Statistically February 2021 turned out to be the greatest month ever for the Hall of Information so finishing that month with my Hundredth Ramble is kind of aligning for me. It’s funny because near enough halfway through it the numbers were dwindling to the point where I was concerned maybe someone had been spreading rumours about me or something. I rolled up my sleeves, dug in and got into the blogging like I’d never done before. For it I got rewarded with nearly two thousand views. Flexing an engaged twitter following helped along with an important interview and of course continuing onwards with as much content as possible. The BookBub featured deal continues to bring new eyes to this place while the established followers continue their support, a winning combination.
The news in the UK is good. We’re driving towards daylight and away from the shackles of a pandemic that made it’s mark. For everything it took away it gave me as an author and blogger opportunity. Now I am looking to innovate what I have as a blog and by introducing external content from fellow bloggers. Some of you know I have opened my doors to guest posts and I will also be re-blogging fellow bloggers articles. If you want a re blog just reach out because together we can all achieve more!
For everyone who has joined this journey, from the first ramble to number one hundred, thanks for being a part of it!
The exploration of unique voices in storytelling is back for another Hall of Information Interview. On this occasion we are joined by author Brooklynn Dean who has mastered depth and symbolism in her unique books. From magical realism to rock and roll, you’ll find a lot more in her words than just a story.
Q1. Let’s talk about your unique writing style. Most stories have nowhere near as much depth or inner meaning as ‘The Word of the Rock God’. Part of that depth is a moral story which centres around the themes of good versus evil, temptation and even purity. This is merged with the life of a touring rock band. What influenced you to find and write this story?
“Wow, I feel very complimented by this question! Thank you for saying so.”
“Honestly, I’ve always been interested in Christianity generally and Catholicism specifically as a theological topic of study. I find the lore of the Bible so interesting— the spiritual rules/regulations, the various creatures, the way angels are meant to interact or not interact with humans, angels mutating into demons when they disobey, etc. so when I write magical realism, divine creatures are always my go-to.”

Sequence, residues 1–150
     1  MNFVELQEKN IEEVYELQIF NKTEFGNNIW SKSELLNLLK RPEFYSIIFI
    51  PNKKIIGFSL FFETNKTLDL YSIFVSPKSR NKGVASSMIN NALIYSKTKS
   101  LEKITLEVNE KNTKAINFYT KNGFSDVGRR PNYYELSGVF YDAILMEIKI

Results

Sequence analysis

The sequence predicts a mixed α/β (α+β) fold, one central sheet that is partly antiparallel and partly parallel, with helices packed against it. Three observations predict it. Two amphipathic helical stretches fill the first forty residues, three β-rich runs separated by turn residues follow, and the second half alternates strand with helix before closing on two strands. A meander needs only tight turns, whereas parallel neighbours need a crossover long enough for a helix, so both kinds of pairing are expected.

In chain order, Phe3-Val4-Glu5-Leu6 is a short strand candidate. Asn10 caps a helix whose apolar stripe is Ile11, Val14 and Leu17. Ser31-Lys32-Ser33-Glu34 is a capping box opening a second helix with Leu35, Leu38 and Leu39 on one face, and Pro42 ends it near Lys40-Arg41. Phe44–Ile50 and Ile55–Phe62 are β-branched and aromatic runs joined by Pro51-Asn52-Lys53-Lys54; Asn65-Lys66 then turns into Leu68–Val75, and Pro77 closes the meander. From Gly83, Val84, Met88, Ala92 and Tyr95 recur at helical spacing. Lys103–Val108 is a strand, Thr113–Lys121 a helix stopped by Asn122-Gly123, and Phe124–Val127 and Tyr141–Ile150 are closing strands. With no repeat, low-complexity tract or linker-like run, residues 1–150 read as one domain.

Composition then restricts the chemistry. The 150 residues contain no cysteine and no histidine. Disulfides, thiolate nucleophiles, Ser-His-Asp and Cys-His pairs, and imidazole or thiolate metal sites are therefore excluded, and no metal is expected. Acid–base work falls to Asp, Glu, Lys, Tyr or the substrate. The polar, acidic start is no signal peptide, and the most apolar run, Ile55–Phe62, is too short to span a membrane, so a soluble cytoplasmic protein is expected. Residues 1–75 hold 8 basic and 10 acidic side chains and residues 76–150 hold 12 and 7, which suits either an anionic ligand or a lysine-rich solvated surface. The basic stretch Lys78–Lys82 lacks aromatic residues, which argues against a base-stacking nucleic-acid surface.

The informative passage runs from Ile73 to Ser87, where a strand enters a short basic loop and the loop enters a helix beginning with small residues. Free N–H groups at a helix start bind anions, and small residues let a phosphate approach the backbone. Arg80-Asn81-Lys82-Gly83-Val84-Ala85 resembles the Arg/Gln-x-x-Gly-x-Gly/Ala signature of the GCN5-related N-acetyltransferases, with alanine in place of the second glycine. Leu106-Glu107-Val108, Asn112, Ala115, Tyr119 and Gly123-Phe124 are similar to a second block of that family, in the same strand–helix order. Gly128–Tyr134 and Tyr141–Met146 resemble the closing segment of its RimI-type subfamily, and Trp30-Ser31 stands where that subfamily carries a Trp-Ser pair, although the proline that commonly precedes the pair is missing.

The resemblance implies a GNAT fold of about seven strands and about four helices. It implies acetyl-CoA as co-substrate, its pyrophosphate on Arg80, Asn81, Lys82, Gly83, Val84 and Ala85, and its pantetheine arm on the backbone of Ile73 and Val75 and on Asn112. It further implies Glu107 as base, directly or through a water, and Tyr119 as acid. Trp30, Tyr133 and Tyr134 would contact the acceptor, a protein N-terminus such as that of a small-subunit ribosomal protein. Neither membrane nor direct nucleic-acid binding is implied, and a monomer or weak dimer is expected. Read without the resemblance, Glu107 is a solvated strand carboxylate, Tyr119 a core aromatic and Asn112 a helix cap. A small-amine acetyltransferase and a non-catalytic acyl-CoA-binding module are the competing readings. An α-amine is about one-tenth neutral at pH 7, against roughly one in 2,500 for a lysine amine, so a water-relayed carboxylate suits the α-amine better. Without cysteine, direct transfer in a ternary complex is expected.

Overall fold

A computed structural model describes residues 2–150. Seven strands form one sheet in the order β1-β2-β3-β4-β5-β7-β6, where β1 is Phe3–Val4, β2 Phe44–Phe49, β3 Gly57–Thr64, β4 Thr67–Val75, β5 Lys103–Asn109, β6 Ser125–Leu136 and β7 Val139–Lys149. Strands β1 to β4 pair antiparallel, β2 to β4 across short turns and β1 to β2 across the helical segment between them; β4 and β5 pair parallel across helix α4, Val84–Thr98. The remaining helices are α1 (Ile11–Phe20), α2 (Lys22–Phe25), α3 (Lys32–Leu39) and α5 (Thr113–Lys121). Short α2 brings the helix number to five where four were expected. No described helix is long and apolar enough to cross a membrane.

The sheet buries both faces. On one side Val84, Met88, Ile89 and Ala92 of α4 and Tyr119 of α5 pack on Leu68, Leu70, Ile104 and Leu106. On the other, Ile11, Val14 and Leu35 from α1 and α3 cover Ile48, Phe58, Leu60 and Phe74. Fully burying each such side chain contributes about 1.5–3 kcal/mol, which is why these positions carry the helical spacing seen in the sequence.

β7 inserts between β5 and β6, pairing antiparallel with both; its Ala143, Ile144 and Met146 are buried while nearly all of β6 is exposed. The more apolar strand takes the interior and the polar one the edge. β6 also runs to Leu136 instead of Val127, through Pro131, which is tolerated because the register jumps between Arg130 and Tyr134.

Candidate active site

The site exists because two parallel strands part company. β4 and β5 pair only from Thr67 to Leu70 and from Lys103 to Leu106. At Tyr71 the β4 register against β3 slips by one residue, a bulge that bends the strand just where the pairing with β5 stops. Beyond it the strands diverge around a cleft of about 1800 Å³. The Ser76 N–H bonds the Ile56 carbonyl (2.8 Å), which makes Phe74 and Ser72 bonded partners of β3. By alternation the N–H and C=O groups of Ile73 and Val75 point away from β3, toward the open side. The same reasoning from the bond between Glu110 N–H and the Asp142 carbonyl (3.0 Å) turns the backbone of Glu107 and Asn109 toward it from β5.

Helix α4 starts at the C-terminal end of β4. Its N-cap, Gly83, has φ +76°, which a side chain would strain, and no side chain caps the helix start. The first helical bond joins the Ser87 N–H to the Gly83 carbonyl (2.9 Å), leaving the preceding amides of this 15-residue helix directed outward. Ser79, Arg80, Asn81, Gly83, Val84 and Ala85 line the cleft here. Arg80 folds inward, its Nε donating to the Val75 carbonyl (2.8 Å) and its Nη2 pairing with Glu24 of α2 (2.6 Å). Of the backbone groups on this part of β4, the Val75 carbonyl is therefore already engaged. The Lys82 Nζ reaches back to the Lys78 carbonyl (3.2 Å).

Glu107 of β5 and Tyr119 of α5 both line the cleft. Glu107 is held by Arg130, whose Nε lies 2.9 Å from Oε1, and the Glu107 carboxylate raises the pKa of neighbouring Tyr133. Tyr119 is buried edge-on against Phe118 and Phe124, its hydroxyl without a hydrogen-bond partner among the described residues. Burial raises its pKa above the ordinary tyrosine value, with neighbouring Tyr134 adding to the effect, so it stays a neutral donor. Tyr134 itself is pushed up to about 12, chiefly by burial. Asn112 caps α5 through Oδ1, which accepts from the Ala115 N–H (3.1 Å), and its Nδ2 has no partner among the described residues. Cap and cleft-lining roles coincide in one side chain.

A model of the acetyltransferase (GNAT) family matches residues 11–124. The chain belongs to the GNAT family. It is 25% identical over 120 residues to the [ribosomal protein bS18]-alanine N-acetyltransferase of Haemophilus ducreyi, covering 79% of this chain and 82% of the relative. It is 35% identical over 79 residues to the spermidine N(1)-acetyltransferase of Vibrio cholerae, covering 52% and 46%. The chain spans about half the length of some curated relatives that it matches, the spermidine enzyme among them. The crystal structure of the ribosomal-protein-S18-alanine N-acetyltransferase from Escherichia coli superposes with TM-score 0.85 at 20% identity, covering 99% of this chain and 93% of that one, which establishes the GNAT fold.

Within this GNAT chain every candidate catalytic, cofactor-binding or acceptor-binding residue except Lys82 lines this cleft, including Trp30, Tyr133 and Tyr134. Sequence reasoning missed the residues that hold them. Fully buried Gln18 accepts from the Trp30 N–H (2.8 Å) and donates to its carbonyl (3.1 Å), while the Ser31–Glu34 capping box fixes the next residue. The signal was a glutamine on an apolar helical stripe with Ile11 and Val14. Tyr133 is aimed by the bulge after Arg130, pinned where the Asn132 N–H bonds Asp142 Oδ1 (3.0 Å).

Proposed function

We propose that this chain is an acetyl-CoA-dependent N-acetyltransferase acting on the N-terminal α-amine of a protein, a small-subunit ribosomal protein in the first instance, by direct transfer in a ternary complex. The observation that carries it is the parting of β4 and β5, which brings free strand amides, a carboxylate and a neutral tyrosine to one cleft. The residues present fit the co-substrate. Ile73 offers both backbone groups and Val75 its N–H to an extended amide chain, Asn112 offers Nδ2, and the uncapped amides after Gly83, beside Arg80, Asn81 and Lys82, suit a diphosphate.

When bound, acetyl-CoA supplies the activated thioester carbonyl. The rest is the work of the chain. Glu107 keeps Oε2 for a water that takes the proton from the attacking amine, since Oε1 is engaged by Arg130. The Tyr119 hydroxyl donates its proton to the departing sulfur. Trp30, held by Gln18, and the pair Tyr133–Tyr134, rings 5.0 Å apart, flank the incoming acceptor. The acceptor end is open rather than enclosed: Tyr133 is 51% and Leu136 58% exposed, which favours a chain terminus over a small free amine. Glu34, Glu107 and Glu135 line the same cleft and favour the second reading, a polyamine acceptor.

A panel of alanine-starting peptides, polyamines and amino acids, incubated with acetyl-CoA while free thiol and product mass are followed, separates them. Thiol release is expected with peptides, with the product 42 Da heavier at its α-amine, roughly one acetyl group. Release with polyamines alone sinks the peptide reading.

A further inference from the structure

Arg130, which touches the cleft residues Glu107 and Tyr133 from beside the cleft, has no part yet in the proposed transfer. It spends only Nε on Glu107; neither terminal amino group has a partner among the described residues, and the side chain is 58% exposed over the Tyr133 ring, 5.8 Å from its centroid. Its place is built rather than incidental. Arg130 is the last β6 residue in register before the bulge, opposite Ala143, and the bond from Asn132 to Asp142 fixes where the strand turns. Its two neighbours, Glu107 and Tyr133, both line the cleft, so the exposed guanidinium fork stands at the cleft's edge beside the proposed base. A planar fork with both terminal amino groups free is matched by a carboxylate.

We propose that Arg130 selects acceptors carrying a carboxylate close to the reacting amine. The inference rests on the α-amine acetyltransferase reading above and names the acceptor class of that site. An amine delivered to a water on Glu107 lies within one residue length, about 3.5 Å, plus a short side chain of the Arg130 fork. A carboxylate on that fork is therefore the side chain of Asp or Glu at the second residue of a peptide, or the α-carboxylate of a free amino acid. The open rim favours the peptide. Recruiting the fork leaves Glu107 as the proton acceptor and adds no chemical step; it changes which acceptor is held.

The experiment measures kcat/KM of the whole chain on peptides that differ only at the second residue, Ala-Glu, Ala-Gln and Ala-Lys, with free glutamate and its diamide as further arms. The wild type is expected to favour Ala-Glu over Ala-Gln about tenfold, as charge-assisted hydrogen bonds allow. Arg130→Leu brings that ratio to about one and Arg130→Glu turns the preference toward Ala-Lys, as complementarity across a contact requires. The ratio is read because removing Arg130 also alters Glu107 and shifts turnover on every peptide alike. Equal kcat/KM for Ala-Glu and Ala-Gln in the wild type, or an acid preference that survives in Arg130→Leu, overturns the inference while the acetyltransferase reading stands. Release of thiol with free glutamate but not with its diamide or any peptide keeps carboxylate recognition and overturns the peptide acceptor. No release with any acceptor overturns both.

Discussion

“One night I was driving home from a concert, listening to Palaye Royale, and their song “How Do You Do?” shuffled on. The first line “good morning, how do you do? I’ve been up all night looking for you.” struck me, and I began visualizing a scene in which a stranger might sit down before a person and say these words. Who would this stranger be? Why would she have been searching out this person.
“Having just seen a show, I imagined that person as a rock star. I couldn’t see the stranger who had been stalking him as just a regular old fan of his band, though, and my interests in mythology and Christianity quickly crafted this woman into a demonic figure. But then, why would a demon want him? Well, for his platform, of course, and to use to corrupt as many souls as possible, but why him? What’s so special about his platform? I won’t say here because I don’t want to give away spoilers, but the concepts of morality and good and evil have simply always been intriguing to me. And I love shy, sweet innocent men. I don’t think they get enough credit in media; often they’re relegated to being the butt of a joke or a sidekick, and that doesn’t fly with me.“
“Given that my stalker-character was demonic, it just seemed to me that Max’s innocence should’ve stemmed from his faith. I really don’t feel like I create the characters as much as I discover them. They exist somewhere separate from me, even though that place is inside my mind, and I feel like I sit down with them and let them tell me their stories.“
“One thing that seemed as important to Max as it is to me is the concept of fate and destiny. I imagine we all have a certainty destiny laid out for us, but I vehemently believe that our free will allows us to step outside of what’s been written in the stars for us if we decide to. It was important for me to express that in the text.”
I very much believe that also, we all have the ability to change the stars. It’s very interesting to see how you constructed the story, it kind of makes even more sense now. For anyone who hasn’t read ‘The Word of the Rock God’ I highly recommend it – here’s my recent review.
Q2. Are there similar themes in your other works? Please tell us more about them?